I recently bought a car which I had been planning for quite some time. Needless to say it was a used car purchase. I bought an extremely reliable Lexus GS 350 (2016) with all the bells and whistles to pamper any driver and I plan on keeping it for as long as possible.
Don’t bother buying new unless
You are a millionaire. A brand new stock 2020 Lexus GS 350 costs $55,450 with taxes and fees – which is 5.55% and doesn’t make you broke. If you make $100,000/year, it’s 55% of your income – so it’s best to buy used.
If you were however planning on buying a hybrid for the next 10-12 years, I’d recommend buying a brand new or extremely lightly used car – but that’s not the focus of this article.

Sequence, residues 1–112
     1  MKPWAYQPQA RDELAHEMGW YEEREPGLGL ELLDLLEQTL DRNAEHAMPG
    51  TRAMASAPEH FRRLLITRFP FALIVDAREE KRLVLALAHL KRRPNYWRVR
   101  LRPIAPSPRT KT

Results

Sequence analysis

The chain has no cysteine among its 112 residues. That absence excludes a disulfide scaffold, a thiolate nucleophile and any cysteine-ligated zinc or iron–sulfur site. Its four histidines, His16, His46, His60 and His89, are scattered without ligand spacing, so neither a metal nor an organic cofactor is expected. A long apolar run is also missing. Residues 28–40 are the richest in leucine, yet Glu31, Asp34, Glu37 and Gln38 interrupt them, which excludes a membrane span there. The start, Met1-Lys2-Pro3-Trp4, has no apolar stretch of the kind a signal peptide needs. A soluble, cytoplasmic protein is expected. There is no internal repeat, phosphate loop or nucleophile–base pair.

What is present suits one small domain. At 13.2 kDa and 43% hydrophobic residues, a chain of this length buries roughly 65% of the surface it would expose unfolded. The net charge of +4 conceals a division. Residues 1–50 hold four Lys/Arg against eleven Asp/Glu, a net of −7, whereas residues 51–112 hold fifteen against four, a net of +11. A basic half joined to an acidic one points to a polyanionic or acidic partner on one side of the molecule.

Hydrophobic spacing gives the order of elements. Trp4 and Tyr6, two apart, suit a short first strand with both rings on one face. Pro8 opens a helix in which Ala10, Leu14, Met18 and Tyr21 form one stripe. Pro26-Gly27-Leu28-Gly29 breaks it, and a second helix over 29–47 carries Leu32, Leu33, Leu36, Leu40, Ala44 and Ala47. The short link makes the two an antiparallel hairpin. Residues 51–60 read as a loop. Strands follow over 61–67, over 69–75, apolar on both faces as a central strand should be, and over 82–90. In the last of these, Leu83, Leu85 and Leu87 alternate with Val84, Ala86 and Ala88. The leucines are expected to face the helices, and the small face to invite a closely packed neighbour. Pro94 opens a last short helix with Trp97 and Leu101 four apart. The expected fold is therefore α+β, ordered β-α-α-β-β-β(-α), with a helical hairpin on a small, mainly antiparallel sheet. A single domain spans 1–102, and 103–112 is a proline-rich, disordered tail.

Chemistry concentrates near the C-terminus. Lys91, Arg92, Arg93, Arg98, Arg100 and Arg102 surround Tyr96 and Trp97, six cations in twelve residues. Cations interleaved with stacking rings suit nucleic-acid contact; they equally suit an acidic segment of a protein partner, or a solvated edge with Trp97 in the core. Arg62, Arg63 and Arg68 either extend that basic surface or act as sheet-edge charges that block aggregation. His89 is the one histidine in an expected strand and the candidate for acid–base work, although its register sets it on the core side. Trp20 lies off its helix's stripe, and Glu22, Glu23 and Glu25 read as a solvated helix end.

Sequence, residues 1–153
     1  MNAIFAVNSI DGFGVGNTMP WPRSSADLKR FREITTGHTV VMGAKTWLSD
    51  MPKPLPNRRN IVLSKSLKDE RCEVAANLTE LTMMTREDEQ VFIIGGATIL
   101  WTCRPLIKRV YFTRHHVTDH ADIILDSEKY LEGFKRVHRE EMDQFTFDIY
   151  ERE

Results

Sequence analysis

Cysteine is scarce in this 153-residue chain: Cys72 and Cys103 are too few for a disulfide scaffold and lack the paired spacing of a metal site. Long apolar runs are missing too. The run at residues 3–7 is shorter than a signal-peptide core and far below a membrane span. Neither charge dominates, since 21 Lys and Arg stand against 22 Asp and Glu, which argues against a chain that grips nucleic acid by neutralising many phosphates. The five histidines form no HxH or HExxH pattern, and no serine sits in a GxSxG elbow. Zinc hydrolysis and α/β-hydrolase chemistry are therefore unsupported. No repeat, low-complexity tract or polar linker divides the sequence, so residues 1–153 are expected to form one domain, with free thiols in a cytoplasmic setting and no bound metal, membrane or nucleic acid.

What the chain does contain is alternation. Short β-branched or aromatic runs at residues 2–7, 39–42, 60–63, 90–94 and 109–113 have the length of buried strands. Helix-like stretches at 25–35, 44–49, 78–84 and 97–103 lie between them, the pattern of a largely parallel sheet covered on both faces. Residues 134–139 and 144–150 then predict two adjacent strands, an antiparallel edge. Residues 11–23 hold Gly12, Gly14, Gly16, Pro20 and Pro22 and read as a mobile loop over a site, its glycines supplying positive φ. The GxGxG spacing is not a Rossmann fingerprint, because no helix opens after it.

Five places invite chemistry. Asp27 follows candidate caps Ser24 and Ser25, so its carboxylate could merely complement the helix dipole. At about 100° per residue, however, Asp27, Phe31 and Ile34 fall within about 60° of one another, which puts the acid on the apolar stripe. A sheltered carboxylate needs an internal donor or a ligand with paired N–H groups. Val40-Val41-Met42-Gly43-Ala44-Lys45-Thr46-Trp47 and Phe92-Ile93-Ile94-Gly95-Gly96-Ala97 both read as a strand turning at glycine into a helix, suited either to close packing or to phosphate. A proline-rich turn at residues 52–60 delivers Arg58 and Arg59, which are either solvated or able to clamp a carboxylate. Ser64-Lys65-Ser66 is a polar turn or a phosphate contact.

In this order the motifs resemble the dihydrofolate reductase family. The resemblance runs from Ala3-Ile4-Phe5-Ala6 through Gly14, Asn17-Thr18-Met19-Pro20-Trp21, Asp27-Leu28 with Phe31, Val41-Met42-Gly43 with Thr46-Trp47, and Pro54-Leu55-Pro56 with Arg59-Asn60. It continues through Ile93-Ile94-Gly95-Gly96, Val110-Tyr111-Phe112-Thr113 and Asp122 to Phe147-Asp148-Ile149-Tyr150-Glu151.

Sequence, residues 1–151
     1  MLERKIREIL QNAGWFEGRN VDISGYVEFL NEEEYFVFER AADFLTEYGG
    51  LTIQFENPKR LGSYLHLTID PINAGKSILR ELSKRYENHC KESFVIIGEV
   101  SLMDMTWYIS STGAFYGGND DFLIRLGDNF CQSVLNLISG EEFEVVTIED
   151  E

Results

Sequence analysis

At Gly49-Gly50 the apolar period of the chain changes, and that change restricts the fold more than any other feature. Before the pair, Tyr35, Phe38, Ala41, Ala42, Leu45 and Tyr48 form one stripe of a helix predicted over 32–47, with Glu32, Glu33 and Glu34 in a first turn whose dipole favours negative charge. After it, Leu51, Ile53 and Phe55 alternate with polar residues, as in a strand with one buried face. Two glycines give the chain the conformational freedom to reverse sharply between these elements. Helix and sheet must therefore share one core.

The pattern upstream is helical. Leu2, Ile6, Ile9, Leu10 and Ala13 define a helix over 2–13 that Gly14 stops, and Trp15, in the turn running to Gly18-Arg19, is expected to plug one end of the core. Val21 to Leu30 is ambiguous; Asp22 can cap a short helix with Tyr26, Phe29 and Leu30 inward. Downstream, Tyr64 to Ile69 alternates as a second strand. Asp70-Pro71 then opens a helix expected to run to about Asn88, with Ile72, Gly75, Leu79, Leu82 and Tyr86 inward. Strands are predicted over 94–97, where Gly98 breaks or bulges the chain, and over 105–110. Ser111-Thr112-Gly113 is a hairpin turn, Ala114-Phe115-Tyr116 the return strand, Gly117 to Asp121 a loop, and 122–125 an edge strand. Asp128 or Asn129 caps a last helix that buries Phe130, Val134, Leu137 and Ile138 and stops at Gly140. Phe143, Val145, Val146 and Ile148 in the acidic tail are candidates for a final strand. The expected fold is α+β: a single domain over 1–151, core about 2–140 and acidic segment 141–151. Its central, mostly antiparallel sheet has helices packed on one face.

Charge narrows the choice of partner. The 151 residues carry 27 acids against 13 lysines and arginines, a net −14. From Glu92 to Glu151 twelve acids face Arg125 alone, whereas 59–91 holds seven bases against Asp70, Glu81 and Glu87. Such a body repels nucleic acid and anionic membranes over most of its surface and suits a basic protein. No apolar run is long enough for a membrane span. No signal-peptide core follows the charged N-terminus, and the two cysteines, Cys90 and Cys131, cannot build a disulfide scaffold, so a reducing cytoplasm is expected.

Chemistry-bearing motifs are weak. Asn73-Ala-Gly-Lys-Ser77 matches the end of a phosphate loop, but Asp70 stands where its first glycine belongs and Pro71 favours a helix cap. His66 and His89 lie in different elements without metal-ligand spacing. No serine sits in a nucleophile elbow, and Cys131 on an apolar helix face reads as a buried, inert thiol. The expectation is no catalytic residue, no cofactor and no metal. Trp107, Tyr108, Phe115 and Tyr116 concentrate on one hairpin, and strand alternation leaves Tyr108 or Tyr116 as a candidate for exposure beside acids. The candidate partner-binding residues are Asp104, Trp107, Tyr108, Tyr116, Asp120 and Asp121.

What did it cost me?
After researching the market, checking out multiple cars at various dealers following the following guides:
I ended up buying a former single owner leased 2016 Lexus GS350 with 35,153 miles on it. Thanks to it being a lease – it was serviced regularly every 5000 miles by Lexus Technicians and I’d say the car lived a rather luxurious life in Florida (prior owner’s location).
The purchase was not an easy decision and was six months in the making. Let me break it down for you and explain why I bought the car the way I did.
Preparing for two years
While it is a good rule of thumb to not spend more than 20% of what you make in a year on a car, I wanted a car I knew I would be able to afford if I were to buy it outright and that meant hardcore savings/investments.